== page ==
On Saturday, December 16, I was privileged to be the speaker for the annual Wright Brothers Anniversary of Flight Dinner for the Phoenix Wing of the American Aviation Historical Society in Phoenix, Arizona. While there, I visited WWII veteran, Ole Griffith. Ole is donating his aviation collection to Wright State University.
Ole introduced me to many aviators, veterans, and plenty of folks who just like flying. Don Gray, volunteer at the National Museum of the United States Air Force, was my guide for the weekend.
My first stop was the Anthem Veterans Memorial. Located in Anthem, Arizona, it is dedicated to honoring the sacrifice and service made by members of the United States Armed Forces. The memorial’s five white pillars represent the nation’s military branches and are arranged in Department of Defense order of precedence: Army, Marine Corps, Navy, Air Force, and Coast Guard. Each pillar has an elliptical opening that slants downward toward The Great Seal of the United States. On Veterans Day (November 11) the design allows the sun’s rays to spotlight the Great Seal at precisely 11:11 AM.
Our next stop was the Commemorative Air Force Museum at Falcon Field. Captain Billy Walker was our guide. The CAF Museum, Airbase Arizona, is an amazing place! I was honored to be able to climb inside a B-25 (Maid in the Shade), B-17 (Sentimental Journey), and C-47. They even let me sit in the left seat in the C-47! The Commemorative Air Force Museum is a remarkable place with a crew of 500 volunteers whose passion is making these old aircraft flyable. There are 78 units located across the country. The CAF was founded to “acquire, restore and preserve in flying condition a complete collection of combat aircraft which were flown by all military services of the United States, and selected aircraft of other nations, for the education and enjoyment of present and future generations of Americans.”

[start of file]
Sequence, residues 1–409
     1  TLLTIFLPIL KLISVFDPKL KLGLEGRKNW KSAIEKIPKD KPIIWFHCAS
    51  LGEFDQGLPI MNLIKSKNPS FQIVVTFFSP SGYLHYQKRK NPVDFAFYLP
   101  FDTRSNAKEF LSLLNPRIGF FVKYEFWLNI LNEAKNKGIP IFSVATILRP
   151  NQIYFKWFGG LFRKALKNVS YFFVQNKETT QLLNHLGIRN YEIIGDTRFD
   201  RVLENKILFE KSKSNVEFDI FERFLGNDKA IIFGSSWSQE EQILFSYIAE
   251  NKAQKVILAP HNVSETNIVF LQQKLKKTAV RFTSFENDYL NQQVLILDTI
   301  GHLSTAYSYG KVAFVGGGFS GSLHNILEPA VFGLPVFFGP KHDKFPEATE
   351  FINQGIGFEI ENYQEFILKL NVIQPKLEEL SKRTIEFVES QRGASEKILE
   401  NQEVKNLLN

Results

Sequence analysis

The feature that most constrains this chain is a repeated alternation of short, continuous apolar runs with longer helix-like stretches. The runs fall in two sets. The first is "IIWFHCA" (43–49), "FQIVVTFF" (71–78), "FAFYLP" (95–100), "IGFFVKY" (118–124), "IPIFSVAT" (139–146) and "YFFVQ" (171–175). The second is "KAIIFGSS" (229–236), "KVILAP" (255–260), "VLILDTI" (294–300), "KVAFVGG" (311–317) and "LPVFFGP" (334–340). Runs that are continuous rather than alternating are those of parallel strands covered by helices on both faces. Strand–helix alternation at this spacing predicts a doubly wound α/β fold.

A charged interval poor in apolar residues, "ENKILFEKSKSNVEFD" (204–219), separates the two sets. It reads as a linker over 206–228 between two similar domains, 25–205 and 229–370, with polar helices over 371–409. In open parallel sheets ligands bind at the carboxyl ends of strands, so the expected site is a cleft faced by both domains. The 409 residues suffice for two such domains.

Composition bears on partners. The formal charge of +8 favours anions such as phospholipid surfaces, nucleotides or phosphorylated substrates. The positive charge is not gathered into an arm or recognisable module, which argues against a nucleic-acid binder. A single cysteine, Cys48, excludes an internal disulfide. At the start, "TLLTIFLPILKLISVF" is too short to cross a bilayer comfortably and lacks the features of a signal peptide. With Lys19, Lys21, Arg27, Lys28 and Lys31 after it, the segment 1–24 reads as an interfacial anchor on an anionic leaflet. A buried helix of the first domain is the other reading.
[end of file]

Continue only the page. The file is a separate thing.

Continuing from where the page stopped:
Another great aviation site near Phoenix is Goodyear Airport in Maricopa County. Ryan Reeves, Airport Coordinator at Buckeye Municipal Airport, was my guide at the Goodyear Airport. He knows just about everything there is to know about its history. It was originally constructed during World War II as a naval air facility known as NAF Litchfield Park, and later renamed Naval Air Station Litchfield Park.
Ryan showed us the many buildings on the airport and told us the history behind the facility. We drove through the airship hangar and walked the boneyard area of the field.
The boneyard is littered with the remnants of thousands of aircraft. Ryan found this seatbelt strap off an old aircraft the day we walked the field.
For the first time ever, I got to fly on December 17, 2017. Thanks, Wil and Orv, for making my flight possible.
I had an amazing trip and learned a great deal about the aviation history of Phoenix. If you are ever in Phoenix, be sure to visit both the Commemorative Air Force at Falcon Field and the Goodyear Airport. My presentation on Saturday night to the Phoenix Wing of the AAHS gave me the opportunity to tell some aviation stories from the great aviation history collections here at Wright State University.
I also got to meet Sergei Sikorsky, son of Igor Sikorsky, aviation pioneer in helicopters and fixed-wing aircraft. He autographed this poster for me. Ole Griffith knows everybody!
Thanks, Ole, for introducing me to so many fascinating people who love aviation. Thank you to Don Gray for being my guide and driver in Phoenix, thank you Captain Billy Walker and Ryan Reeves for taking time to teach me more aviation history, and thank you to the Phoenix Wing of the American Aviation Historical Society for inviting me to come to speak to your group.